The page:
Inside Idomeni - for many refugees a temporary home.

Sat close to Greece's border with Macedonia is Idomeni, a small village that's currently the temporary home to thousands of refugees. Photographer Gus Palmer reports from the ground.

On Monday 4 April 2016, Europe witnessed the implementation of a deal struck between Turkey and the European Union, a deal that will see any migrant crossing from Turkey to Greece “illegally” deported back.

Abu Mohamed stoking the fire to make tea outside where him and his wife and three children are sleeping while they are in the camp. He fled from Syria four months ago, and two of those months he has been in Idomeni.

Abu Mohamed stoking the fire to make tea outside where him and his wife and three children are sleeping while they are in the camp. He fled from Syria four months ago, and two of those months he has been in Idomeni.

Ali sits on the roof of the Train station building in Idomeni, showing where he was shot in the leg by the Islamic State in Raqqa, Syria.

Ali sits on the roof of the Train station building in Idomeni, showing where he was shot in the leg by the Islamic State in Raqqa, Syria.

In return, those granted refugee status while in Turkey will be relocated at random somewhere in Europe – a deal that will see up to 72,000 refugees accepted into European nations. It’s a figure that represents just three percent of all the refugees in Turkey, and only 36% of those currently stuck in Greece.

The border fence between Greece and Macedonia from the Greek side in the small village of Idomeni. Migrants who have gathered here hoping to be able to pass through and on to Germany are using the fence to hang out washing.

The border fence between Greece and Macedonia from the Greek side in the small village of Idomeni. Migrants who have gathered here hoping to be able to pass through and on to Germany are using the fence to hang out washing.

Despite evidence that the Turkish government are illegally returning Syrian refugees to the war-torn country, the EU deal has gone ahead.  

A Yazidi boy plays football against a wall that houses refugee families.

A Yazidi boy plays football against a wall that houses refugee families.

Mohammad from Idlib Province, Syria.

Mohammad from Idlib Province, Syria.

Photographer Gus Palmer was on the ground as this deal was put into action, making his way to the small village of Idomeni on the Greek Macedonian Border.

A man and woman walk out of the main entrance of Idomeni Station, which has been taken over by migrants stranded their since the closure of the border.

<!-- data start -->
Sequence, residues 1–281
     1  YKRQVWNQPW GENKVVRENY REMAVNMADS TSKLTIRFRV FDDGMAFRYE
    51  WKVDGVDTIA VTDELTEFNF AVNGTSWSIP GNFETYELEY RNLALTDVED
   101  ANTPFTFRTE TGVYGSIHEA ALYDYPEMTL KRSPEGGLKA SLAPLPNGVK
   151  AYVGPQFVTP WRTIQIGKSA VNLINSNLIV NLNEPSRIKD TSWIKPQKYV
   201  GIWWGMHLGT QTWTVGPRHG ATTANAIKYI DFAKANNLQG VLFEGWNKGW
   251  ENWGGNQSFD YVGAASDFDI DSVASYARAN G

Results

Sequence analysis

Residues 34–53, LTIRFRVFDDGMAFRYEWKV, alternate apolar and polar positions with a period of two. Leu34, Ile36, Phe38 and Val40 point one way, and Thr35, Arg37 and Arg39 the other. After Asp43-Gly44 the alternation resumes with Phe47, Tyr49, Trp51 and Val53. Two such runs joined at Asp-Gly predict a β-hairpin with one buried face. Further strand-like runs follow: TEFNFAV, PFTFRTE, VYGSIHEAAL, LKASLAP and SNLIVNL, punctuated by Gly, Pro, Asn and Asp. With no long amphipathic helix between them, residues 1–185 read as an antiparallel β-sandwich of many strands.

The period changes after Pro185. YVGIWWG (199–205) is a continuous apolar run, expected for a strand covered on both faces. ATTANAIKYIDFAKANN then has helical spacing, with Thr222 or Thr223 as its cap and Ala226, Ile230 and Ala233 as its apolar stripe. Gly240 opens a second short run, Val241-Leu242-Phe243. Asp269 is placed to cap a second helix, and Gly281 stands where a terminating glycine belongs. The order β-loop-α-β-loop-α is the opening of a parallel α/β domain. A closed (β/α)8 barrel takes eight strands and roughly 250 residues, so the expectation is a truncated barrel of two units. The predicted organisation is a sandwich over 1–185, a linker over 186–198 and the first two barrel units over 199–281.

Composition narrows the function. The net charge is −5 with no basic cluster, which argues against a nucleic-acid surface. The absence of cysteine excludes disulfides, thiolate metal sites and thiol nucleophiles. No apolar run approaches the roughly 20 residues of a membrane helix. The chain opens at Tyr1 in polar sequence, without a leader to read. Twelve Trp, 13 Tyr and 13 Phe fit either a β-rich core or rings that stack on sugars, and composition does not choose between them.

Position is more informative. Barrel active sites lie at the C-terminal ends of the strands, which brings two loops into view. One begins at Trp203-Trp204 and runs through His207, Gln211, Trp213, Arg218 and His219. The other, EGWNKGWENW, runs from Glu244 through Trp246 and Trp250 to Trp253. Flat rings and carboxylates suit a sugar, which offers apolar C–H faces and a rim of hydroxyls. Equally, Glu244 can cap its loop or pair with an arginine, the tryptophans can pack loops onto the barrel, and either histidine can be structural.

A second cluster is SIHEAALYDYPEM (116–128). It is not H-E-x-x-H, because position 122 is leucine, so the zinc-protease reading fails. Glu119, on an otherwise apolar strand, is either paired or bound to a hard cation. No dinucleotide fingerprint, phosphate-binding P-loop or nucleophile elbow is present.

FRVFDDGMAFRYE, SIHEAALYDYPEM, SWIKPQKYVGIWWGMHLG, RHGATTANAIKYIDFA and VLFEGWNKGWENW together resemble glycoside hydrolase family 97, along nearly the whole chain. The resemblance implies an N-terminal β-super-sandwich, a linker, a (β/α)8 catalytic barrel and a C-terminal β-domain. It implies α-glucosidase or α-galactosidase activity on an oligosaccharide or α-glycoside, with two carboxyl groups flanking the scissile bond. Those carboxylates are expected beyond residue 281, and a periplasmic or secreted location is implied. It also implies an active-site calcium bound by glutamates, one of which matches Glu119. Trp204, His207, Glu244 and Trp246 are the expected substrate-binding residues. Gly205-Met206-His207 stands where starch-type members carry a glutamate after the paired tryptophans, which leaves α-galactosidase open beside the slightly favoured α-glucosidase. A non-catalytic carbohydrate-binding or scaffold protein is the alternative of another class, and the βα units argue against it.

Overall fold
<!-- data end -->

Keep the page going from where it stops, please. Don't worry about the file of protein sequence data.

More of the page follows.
A man and woman walk out of the main entrance of Idomeni Station, which has been taken over by migrants stranded their since the closure of the border.

A view from the front of Idomeni Train station on the Greek Macedonian Border. People now use the platform to set up tents.

A view from the front of Idomeni Train station on the Greek Macedonian Border. People now use the platform to set up tents.

Although nothing had changed when he arrived, and nobody had yet been deported, but tensions were running high. There’s a sense of desperation that prevails, Palmer explains. The fact that this life of purgatory and displacement is still seen as preferable to what many are escaping from says it all.

 Karim (left) and Hassan (right) from Algeria, standing in the centre of the tracks outside Idomeni Station. An outbreak of lice in the camp means many of the residents have shaved their heads.

Karim (left) and Hassan (right) from Algeria, standing in the centre of the tracks outside Idomeni Station. An outbreak of lice in the camp means many of the residents have shaved their heads.

Clothes hang out to dry on the train tracks.

Clothes hang out to dry on the train tracks.

“This is yet again, a massive failure of the EU to act on a worsening situation and humanitarian crisis”, reflects Palmer. “It would seem that Idomeni is the latest set of large iron gates at Europe’s frontier. Greece has been ousted from the Schengen area and left to fend for its self, as the European lines are pushed further and further back.”

Migrants stage a protest blocking all cars and trucks from crossing the border.

Migrants stage a protest blocking all cars and trucks from crossing the border.

A depot converted into a camp space for migrants to set up tents.

A depot converted into a camp space for migrants to set up tents.

Amira (left) and Shayma (right) peeling potatoes in their campsite above the road leading to the Macedonian border. They have been living in the camp for two months after fleeing Raqqa in Syria.

Amira (left) and Shayma (right) peeling potatoes in their campsite above the road leading to the Macedonian border. They have been living in the camp for two months after fleeing Raqqa in Syria.

There are now approximately 11 000 people living in and around the small picturesque Greek village, with very little infrastructure put in place. Informal settlements are found around every corner. Tensions often flare with the locals, it’s a situation that nobody is happy with.

Aseel from Homs, Syria sits in the entrance to her tent in Idomeni.

Aseel from Homs, Syria sits in the entrance to her tent in Idomeni.

 The Dnani family, who are Yazidis from Mount Sinjar in the North of Iraq, sitting in a cow shed.


The Dnani family, who are Yazidis from Mount Sinjar in the North of Iraq, sitting in a cow shed.

From cow sheds to train garages to old concrete farm buildings, men women and children are shacking up in any spare space, going to bed at night hoping that one day they’ll wake up to an open border.

Check out more of Gus’s work on his website, or follow him on Twitter and Instagram

Enjoyed this article? Like Huck on Facebook or follow us on Twitter